"Friending" nature

 

As someone who writes about nature and the West, I’ve been urged to get more involved with social media. “Search out your readers” I am told; don’t just sit back like a wallflower too shy or too proud to dance. But as a writer in rural Silver City, N.M., I have to wonder: Who wants to dance with me -- posting photos of the charismatic western red-bellied tiger beetle with its scissor-like mandibles and bulging eyes? Who wants to twitter the nesting habits of a willow flycatcher, or talk about the role of fire in the Gila National Forest?

When I plug key words into Facebook’s search engine, I get 7.8 million “likes” for the TV show Animal Planet and 5 million likes for a spectacular photo of a waterfall. When I type in “birds,” I end up briefly at Angry Bird Friends, with 14.2 million monthly users, though “ornithology” takes me to the Cornell Lab of Ornithology, with 96,447 Likes. Clearly, nature and Facebook mix just fine because people love animals, as well as waterfalls, beauty, diversity and “otherness.”

What I’m drawn to write about these days is a field called “citizen science,” which has experienced a renaissance thanks to the Internet. Just as amateur naturalists once used the penny post to mail their insights to men like Charles Darwin, citizen scientists join online programs that track the natural history of plants and animals. We’ve exchanged the pen for the login, and people everywhere are now watching the flowering of backyard trees, measuring snowfall and entering data on everything from butterflies to pikas.

My own citizen-science project is the study of a tiger beetle found in the United States only in New Mexico and Arizona, and I’m guided by the emails of two kindly entomologists, Barry Knisley and David Pearson, who are world experts on tiger beetles. I’m also in contact with a high school biology teacher, Kristi Ellingsen, who first discovered that tiger beetles lived in Tasmania, where it was thought none existed.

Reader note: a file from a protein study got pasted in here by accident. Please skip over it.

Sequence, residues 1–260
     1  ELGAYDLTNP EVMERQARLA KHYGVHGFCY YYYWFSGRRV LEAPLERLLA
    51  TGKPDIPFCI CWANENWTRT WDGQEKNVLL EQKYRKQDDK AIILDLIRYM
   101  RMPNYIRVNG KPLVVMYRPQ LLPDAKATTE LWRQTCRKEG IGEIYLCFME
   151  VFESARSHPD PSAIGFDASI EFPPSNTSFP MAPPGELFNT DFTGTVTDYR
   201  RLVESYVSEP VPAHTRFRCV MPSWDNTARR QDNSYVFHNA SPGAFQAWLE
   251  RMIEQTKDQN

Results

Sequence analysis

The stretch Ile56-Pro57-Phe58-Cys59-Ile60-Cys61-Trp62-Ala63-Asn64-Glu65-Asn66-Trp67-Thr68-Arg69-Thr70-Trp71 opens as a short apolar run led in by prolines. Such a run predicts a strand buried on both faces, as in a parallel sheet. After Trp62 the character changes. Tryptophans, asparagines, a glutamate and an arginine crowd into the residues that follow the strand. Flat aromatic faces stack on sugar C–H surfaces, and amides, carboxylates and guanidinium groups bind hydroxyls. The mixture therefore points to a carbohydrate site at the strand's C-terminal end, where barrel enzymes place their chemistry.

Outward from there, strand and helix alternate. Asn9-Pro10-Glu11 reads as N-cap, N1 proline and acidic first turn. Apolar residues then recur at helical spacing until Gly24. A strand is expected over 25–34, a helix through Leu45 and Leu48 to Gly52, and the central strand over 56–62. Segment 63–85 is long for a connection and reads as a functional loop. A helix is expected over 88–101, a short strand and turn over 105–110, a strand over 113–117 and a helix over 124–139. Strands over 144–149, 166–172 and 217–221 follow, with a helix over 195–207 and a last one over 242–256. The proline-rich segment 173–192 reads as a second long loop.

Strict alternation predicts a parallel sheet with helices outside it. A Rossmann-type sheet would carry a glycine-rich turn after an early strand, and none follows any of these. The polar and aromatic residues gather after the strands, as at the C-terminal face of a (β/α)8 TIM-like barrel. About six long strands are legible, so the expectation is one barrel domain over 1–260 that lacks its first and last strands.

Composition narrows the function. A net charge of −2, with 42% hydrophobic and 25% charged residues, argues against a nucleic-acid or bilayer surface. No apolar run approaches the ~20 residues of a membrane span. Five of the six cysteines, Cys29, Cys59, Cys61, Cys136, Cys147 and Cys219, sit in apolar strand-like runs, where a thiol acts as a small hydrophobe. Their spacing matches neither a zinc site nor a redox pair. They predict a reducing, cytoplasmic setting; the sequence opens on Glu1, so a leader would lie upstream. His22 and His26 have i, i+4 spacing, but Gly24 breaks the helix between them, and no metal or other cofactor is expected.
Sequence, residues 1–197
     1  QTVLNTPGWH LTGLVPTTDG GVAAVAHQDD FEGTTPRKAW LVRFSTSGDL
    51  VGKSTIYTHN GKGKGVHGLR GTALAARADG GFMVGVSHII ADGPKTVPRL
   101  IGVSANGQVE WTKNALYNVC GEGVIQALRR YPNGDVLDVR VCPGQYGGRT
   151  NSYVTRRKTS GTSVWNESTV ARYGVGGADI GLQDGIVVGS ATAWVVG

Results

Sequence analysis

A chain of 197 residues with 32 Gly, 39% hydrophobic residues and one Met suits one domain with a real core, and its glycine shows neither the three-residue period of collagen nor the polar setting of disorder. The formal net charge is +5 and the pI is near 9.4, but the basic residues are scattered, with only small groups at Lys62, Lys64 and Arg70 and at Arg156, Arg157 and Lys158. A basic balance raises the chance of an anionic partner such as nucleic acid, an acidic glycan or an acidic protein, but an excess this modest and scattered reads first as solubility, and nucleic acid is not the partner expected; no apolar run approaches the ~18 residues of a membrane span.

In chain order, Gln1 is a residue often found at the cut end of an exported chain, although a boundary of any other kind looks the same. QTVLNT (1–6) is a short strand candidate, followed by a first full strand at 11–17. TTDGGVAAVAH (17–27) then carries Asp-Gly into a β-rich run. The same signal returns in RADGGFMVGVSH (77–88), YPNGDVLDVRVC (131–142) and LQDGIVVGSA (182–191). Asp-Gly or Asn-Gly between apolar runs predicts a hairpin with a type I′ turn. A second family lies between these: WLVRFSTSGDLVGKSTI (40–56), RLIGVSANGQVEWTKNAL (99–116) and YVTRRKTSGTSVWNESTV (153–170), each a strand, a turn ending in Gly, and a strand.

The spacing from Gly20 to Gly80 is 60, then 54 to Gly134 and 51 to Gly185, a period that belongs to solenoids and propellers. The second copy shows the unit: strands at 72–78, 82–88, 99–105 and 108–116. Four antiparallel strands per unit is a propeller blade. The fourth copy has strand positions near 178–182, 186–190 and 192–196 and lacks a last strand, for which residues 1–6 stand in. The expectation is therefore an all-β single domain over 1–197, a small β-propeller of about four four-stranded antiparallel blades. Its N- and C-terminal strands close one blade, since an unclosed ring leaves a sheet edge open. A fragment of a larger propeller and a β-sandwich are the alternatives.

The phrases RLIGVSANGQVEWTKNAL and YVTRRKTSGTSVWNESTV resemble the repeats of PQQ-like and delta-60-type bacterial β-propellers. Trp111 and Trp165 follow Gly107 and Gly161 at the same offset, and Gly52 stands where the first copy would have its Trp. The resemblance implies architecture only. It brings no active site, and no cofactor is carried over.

Kristi began by using the photo-sharing site Flickr to post detailed shots of insects she found. At night, she’d post a photo of some obscure fly, and the next morning wake to an Internet conversation that had narrowed down its identity by focusing on the insect’s wings. Soon, someone would identify the species. But when she photographed a large beetle with intimidating jaws on a sand dune in Tasmania, she didn’t bother with Flickr, because her new friends had already given her the conventional wisdom: Tiger beetles don’t exist in Tasmania. Through a broader Web search, she found David Pearson, emailed him her best pictures, and went to bed. The next morning, she had a reply and later a confirmation.

“Now we have a living Tasmanian Tiger,” Kristi marveled – courtesy of one person who ventured outside, took some photos, and was aided by far-off experts sitting in front of computers.

At the small New Mexico university where I have taught for 30 years, I now work online with students from Maine to California, and nature writing has become one of my most popular classes. I add my name to email petitions about environmental concerns. I marvel at how convenient it is to use high-tech Smartphone apps -- just Google the Noah Project -- to help track global warming and catalog biological diversity.

It is true that going online has environmental costs. In 2011, Google reported that it emits 1.5 million metric tons of carbon annually and estimated that all Internet data centers account for 1 percent of the world’s electricity use. Everything we do consumes the world.

Today, I’m going to step away from the computer and “like” nature by walking down to the Gila River, looking for the larval burrow holes of tiger beetles and probably startling a raft of green-headed mallards who will fly away quacking. I feel a giggle, like the small child always amused by peek-a-boo, never getting tired of the joke: ducks actually quack, complaining and petulant. There’s the delight of onomatopoeia, the delight of being in the physical moment.

Nature, of course, doesn’t count her “friends.” But while it might seem counter-intuitive, we can now explore the natural world virtually, monitor climate change, educate ourselves and others, or rally political will, all by using the new mediums of social connection. Can Web-centered technology help us sustain the original web of life? As someone relatively new to this dance, I’m saying yes.